This was the first difference that I had the opportunity to experience quite unexpectedly in China. Moreover, it concerns smoked meats that I like so much.

And this is probably one of the basic differences that I noticed between Asian and Polish cuisine. Both meat and cold cuts of various kinds are preserved either with soy sauce with the addition of fish sauce and sugar or with sugar only.

It was an undoubted shock for me, and maybe more for my taste buds.

It was the first and the last time I bought any from the local market,

cold cuts in Asia.

As for the preservation of meat and other products with sugar, I can understand.

Salt, as you remember, in both the ancient Roman Empire and the Middle Ages was very expensive and only available as rock salt in Europe. It was mined in industrial quantities in Poland, which at that time was a salt power in Europe. Salt was called "white gold" and its transport routes were described as "salt routes". The value of salt during this period was very high, salt was paid for services and goods, and the word "Solaria" was coined in ancient Rome and southern Europe to mean payment.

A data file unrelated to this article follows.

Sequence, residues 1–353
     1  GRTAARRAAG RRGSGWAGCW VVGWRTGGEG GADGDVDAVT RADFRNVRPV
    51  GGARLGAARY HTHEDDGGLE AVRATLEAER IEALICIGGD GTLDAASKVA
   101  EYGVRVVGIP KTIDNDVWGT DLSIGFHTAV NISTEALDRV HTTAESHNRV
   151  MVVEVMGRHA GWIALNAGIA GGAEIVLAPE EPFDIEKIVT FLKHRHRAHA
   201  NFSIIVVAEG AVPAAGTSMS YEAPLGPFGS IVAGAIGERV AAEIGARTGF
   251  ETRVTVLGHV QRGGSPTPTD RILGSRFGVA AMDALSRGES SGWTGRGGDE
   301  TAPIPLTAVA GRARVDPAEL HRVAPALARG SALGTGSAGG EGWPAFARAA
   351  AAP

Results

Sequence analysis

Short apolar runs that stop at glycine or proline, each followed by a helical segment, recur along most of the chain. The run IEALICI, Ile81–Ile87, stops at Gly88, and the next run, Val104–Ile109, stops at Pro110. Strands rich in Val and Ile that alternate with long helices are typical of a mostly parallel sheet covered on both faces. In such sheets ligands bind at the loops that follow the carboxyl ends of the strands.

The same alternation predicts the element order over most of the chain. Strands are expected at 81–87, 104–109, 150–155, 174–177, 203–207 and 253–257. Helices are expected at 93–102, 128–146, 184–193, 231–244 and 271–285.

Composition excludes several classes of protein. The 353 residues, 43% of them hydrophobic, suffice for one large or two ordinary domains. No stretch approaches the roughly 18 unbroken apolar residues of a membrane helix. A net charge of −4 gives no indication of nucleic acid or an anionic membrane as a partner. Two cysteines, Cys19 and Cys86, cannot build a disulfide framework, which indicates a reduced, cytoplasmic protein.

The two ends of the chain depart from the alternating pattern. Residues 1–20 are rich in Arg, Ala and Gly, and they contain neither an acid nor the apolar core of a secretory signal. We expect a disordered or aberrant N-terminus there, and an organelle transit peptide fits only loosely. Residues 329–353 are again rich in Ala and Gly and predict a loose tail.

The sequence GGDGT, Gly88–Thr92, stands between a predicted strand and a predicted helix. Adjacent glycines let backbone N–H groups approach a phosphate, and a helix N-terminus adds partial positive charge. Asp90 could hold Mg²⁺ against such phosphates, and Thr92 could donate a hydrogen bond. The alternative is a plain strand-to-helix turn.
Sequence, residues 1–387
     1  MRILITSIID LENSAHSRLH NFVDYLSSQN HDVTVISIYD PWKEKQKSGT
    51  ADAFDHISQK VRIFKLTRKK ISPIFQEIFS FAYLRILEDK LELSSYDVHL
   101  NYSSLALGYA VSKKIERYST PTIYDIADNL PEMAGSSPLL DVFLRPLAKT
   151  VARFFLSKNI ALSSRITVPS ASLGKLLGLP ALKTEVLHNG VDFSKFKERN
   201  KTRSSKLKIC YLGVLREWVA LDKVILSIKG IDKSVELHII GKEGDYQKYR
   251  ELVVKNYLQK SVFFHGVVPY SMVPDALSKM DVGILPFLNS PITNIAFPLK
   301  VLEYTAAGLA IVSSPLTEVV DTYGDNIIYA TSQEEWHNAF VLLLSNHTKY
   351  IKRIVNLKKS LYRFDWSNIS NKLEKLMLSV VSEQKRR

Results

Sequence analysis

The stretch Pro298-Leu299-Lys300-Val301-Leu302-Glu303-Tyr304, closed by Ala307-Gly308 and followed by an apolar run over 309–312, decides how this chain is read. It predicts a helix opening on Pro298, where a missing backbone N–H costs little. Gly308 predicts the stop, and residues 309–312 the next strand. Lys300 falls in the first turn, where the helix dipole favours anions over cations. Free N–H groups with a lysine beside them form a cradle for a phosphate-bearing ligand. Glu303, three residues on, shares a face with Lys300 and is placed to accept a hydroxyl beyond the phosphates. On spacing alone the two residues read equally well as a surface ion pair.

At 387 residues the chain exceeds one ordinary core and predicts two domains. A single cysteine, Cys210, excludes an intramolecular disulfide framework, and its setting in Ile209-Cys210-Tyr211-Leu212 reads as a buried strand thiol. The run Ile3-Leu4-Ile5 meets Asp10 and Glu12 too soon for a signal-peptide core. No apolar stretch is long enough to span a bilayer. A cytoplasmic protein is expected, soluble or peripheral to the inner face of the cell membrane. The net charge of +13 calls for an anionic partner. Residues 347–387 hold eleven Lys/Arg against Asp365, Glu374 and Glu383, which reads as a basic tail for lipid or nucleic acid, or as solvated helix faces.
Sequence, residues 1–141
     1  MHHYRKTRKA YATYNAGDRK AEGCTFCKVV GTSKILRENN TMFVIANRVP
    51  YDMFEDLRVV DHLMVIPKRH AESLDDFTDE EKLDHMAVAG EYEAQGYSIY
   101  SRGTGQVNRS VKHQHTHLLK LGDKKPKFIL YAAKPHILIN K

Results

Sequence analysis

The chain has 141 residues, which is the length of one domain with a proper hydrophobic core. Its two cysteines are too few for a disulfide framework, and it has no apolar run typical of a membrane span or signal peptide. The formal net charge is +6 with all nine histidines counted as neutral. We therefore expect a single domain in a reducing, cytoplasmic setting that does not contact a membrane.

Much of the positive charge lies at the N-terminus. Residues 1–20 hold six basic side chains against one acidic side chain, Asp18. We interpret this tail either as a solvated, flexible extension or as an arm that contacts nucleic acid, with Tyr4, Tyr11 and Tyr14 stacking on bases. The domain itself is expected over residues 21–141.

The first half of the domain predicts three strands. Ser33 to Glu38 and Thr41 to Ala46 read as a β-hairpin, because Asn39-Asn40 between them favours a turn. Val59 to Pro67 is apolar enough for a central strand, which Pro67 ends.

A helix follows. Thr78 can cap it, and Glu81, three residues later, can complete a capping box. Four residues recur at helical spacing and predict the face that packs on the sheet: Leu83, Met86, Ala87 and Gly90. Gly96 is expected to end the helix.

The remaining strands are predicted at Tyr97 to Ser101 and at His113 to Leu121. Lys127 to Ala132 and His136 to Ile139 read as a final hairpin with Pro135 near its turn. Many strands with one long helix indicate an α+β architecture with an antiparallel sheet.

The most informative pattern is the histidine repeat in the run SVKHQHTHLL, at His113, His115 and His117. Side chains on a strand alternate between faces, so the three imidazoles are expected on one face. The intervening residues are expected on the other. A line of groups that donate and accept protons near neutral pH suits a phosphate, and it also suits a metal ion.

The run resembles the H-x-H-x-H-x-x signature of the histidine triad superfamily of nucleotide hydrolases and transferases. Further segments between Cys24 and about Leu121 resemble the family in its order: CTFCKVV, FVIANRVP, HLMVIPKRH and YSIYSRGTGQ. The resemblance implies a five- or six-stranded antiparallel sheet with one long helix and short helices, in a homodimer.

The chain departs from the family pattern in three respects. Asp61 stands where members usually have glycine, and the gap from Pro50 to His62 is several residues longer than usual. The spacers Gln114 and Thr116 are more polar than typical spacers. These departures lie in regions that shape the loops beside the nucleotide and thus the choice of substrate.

In Asia, at that time, it was common, is, and probably will continue to be, the cultivation of sugar cane, so local raw materials were simply used to create a mixture (using soy sauces) to preserve meat and food for the winter. Especially in central and northern China, where, after all, we are dealing with four seasons and quite a long winter.

It is true that we had a German sausage shop and a Japanese bakery in Qingdao, so there was access to cold cuts and bread, although this is another important difference between Europe and Asia.

In Asia, bread is generally not eaten, and if anything, it is in the form of toasted bread, which is so commonly eaten in America for breakfast. Moreover, it is primarily wheat or rice bread, so it is not entirely tasty and healthy.